USA - Plutonium Investigation n°17-18

Site Highlights

Yucca Mountain

   The main federal policy for the long-term management of high level commercial irradiated nuclear fuel - containing most of the nation's commercial plutonium - dates from a 1982 law requiring the DOE to build a final repository and to take responsibility for the fuel by end of January 1998. DOE is considering only one location for this repository, a 230-square mile site at Yucca Mountain near the DOE nuclear warhead test site in Nevada. As DOE defaulted on the statutory deadline due to successive delays in the repository program, electricity utilities and state agencies threatened to sue DOE to force the government both to start taking over management of the 38,000 tonnes of irradiated fuel in temporary storage at over seventy reactor sites; and to stop requiring utilities to pay a total of $600 million annually into the federal nuclear waste fund created to pay for the irradiated fuel program. Over $15 billion has been paid into the fund. DOE offered a compensation package to utilities if they did not sue, but in October 1998 the US Federal Court of Claims found in favor of the first utility to take a case forward.

   Even if all plans for Yucca repository development are now met, the DOE says that the repository can not be ready until 2010 at the earliest. DOE proposes to spend nearly $37 billion from 1999 to 2116 (the estimated closure date for the repository) on the irradiated fuel program. $6.5 billion have already been spent on high-level waste research. The repository plan includes using some 93 miles of tunnels 800 to 1,000 feet under the mountain to store the estimated 77,000 tonnes of fuel, including radioactive material from five DOE sites.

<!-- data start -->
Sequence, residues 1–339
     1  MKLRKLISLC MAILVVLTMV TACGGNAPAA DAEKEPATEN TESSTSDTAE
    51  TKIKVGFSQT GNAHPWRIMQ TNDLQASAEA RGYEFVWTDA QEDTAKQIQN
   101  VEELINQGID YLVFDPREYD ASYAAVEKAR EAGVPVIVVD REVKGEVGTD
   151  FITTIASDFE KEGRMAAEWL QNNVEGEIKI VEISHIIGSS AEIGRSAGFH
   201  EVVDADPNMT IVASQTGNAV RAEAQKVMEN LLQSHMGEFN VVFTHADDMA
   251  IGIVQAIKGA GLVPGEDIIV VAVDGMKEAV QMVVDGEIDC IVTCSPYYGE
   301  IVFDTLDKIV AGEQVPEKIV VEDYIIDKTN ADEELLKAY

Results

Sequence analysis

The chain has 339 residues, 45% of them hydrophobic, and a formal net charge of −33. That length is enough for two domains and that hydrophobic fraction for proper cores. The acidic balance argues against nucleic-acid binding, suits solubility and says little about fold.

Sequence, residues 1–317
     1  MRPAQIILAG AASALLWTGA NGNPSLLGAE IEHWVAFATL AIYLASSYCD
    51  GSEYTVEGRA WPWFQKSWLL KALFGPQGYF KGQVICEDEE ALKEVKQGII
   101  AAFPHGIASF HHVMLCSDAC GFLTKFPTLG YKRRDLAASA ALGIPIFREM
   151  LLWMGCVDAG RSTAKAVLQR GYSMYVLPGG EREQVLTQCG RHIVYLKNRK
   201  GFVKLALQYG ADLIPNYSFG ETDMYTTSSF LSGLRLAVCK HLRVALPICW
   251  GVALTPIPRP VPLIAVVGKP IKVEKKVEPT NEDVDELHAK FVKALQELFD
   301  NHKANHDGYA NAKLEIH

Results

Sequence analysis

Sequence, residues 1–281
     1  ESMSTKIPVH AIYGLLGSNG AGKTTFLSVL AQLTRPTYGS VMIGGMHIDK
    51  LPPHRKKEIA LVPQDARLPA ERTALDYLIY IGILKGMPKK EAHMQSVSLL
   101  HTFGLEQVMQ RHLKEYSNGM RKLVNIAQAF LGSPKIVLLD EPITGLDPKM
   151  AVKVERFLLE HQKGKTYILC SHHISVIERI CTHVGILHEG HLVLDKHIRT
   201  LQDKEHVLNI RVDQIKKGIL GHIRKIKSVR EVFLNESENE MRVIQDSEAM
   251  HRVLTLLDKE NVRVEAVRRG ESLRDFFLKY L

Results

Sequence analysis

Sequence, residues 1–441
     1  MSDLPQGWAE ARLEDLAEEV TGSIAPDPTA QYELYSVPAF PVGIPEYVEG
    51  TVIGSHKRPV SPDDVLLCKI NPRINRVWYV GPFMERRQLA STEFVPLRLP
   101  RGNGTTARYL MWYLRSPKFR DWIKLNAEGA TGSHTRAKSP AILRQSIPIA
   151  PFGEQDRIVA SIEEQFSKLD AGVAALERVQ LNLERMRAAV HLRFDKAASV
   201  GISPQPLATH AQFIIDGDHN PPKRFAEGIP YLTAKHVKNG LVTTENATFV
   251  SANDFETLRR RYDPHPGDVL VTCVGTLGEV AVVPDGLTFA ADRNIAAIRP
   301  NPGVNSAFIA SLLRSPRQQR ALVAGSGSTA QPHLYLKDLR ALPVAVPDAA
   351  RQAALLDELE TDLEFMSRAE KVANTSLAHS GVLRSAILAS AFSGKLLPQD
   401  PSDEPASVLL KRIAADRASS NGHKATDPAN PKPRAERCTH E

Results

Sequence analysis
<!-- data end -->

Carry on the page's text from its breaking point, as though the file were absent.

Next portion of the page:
Despite many challenges by Nevada state authorities and others, a DOE ÔViability Assessment' of the Yucca site, released in December 1998, gave the go ahead for further geologic studies. It concluded there were no "showstoppers" that would disqualify the site. A final recommendation is due in 2001.

   In August 1999, the DOE released a draft EIS for the proposed Yucca repository, which has been criticized for lack of attention to transportation risks.

   Public consultation in regard to the site continues in many different forums. In November 1998 over two hundred national and local groups collectively argued that the hydrogeology of the site makes it technically unsuitable. Some organizations such as IEER in Washington DC argue that Yucca Mountain should become a center for research on long-term solutions to storing the nation's nuclear waste. The President has insisted that he will veto any nuclear waste bill passed by Congress that attempts to force the shipment of irradiated fuel to Nevada before a final disposal site is ready.

   A coalition of environment groups backs this position, claiming irradiated fuel shipments would create "Mobile Chernobyls". Critics charge that if the Yucca Mountain repository goes ahead, upwards of 50 million highway users will be exposed over 30 years to 100,000 truck shipments of high-level nuclear waste through 43 states, with the likelihood of hundreds of accidents. Many argue in favor of continued on-site at-reactor monitored storage of irradiated fuel.